vagabond

[vag-uh-bond]
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adjective
  1. wandering from place to place without any settled home; nomadic: a vagabond tribe.
  2. leading an unsettled or carefree life.
  3. disreputable; worthless; shiftless.
  4. of, relating to, or characteristic of a vagabond: vagabond habits.
  5. having an uncertain or irregular course or direction: a vagabond voyage.
noun
  1. a person, usually without a permanent home, who wanders from place to place; nomad.
  2. an idle wanderer without a permanent home or visible means of support; tramp; vagrant.
  3. a carefree, worthless, or irresponsible person; rogue.

Origin of vagabond

1400–50; late Middle English vagabound (< Old French vagabond) < Late Latin vagābundus wandering, vagrant, equivalent to Latin vagā(rī) to wander + -bundus adj. suffix
Related formsvag·a·bond·ish, adjective

Synonyms for vagabond

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7. hobo, loafer. See vagrant. 8. knave, idler.
Dictionary.com Unabridged Based on the Random House Unabridged Dictionary, © Random House, Inc. 2018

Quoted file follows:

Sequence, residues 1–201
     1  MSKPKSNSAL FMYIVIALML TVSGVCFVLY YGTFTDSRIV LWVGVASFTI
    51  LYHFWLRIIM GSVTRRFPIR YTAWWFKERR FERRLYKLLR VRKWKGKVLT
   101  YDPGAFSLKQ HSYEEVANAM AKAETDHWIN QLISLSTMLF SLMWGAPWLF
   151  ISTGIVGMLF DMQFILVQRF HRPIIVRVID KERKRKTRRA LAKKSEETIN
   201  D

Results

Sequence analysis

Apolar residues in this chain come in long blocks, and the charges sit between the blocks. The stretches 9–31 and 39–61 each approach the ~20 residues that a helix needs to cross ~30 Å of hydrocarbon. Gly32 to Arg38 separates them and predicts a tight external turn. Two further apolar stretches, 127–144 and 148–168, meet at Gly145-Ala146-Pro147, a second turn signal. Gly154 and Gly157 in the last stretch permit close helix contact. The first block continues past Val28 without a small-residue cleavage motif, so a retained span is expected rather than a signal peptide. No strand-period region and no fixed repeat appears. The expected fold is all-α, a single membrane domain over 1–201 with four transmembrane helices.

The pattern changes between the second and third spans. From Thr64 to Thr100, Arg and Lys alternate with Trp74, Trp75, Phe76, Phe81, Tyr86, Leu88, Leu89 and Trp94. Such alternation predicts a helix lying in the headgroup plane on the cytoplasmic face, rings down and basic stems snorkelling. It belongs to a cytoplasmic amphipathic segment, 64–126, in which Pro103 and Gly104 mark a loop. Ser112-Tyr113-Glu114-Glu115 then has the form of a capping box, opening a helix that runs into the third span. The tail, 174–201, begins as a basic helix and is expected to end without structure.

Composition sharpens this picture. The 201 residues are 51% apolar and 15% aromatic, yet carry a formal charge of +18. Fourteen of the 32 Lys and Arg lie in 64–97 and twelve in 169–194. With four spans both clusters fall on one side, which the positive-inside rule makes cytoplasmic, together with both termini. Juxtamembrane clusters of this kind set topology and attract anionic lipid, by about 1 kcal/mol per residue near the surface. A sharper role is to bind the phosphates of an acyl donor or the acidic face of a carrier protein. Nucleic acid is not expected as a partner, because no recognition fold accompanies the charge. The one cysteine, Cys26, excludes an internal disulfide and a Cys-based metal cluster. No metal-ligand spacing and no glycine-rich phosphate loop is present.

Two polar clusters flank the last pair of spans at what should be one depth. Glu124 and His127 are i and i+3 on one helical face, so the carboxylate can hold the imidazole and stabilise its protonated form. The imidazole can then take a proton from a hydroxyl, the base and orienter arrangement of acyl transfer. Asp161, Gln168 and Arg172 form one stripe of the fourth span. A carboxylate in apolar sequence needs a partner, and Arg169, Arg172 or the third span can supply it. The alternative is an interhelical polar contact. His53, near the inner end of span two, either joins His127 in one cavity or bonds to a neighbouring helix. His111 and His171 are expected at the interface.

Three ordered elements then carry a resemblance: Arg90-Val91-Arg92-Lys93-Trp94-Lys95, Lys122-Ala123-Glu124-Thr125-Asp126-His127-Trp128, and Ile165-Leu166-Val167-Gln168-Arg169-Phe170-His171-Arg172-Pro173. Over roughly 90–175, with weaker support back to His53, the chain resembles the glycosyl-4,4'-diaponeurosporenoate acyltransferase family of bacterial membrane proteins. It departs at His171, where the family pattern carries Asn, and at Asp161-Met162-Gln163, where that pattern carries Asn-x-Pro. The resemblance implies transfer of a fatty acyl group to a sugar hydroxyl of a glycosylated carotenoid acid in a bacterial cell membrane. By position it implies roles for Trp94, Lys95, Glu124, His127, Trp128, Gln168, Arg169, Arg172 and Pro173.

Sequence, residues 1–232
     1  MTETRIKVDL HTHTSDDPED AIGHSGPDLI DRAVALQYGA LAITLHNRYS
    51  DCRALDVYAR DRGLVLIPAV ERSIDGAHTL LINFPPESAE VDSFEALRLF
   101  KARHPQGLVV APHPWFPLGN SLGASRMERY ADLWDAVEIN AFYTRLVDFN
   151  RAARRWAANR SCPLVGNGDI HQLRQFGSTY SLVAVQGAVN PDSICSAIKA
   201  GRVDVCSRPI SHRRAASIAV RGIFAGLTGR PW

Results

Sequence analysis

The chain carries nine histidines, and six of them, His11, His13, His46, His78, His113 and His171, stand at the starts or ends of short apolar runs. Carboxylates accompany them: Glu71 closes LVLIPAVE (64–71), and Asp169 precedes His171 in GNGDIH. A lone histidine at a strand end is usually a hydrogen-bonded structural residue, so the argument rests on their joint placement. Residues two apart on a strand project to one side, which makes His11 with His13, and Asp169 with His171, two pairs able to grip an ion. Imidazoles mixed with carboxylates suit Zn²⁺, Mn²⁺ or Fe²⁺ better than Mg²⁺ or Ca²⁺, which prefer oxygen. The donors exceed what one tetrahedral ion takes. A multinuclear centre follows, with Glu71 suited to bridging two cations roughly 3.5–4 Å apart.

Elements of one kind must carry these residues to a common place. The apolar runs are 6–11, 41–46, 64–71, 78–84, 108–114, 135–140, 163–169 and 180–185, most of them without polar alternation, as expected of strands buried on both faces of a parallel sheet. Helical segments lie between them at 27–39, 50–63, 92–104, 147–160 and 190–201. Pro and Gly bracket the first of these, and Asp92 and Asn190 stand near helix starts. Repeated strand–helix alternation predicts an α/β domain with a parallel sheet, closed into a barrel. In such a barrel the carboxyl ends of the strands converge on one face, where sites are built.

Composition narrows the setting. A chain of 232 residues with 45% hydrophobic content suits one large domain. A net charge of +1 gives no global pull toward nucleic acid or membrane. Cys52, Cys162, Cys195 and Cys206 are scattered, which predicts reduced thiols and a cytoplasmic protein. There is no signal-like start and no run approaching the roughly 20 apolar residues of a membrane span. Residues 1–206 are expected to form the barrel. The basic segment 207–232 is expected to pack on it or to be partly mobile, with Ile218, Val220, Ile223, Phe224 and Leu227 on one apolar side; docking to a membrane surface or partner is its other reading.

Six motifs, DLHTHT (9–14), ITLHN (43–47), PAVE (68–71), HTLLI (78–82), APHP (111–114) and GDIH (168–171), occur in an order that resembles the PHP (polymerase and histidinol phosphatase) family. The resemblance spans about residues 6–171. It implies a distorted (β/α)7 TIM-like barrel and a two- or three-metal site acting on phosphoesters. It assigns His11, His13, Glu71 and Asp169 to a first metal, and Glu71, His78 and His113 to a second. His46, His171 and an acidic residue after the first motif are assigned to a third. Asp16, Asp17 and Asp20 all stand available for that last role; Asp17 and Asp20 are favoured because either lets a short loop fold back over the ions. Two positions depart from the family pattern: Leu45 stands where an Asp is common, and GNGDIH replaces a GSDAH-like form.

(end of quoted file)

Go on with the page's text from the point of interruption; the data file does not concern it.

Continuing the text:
Examples from the Web for vagabond

Contemporary Examples of vagabond

Historical Examples of vagabond

  • No vagabond I had ever known ignored time and duty more complacently.

    The Underdog

    F. Hopkinson Smith

  • Bless the place, I love the ashes of the vagabond fires that have scorched its grass!

  • He was a vagabond and an outcast, and scenes of horror were not new to him.

    Henry Dunbar

    M. E. Braddon

  • He had entered the shop at eight o'clock that morning a blackguard as well as a vagabond.

    Henry Dunbar

    M. E. Braddon

  • Before he went, he explained the mechanism of the Vagabond thoroughly to his friends.

    Slaves of Mercury

    Nat Schachner


British Dictionary definitions for vagabond

vagabond

noun
  1. a person with no fixed home
  2. an idle wandering beggar or thief
  3. (modifier) of or like a vagabond; shiftless or idle
Derived Formsvagabondage, nounvagabondish, adjectivevagabondism, noun

Word Origin for vagabond

C15: from Latin vagābundus wandering, from vagārī to roam, from vagus vague
Collins English Dictionary - Complete & Unabridged 2012 Digital Edition © William Collins Sons & Co. Ltd. 1979, 1986 © HarperCollins Publishers 1998, 2000, 2003, 2005, 2006, 2007, 2009, 2012

Word Origin and History for vagabond
adj.

early 15c. (earlier vacabond, c.1400), from Middle French vagabonde, from Late Latin vagabundus "wandering, strolling about," from Latin vagari "wander" (from vagus "wandering, undecided;" see vague) + gerundive suffix -bundus. The noun is first recorded c.1400, earlier wagabund (c.1300).

Online Etymology Dictionary, © 2010 Douglas Harper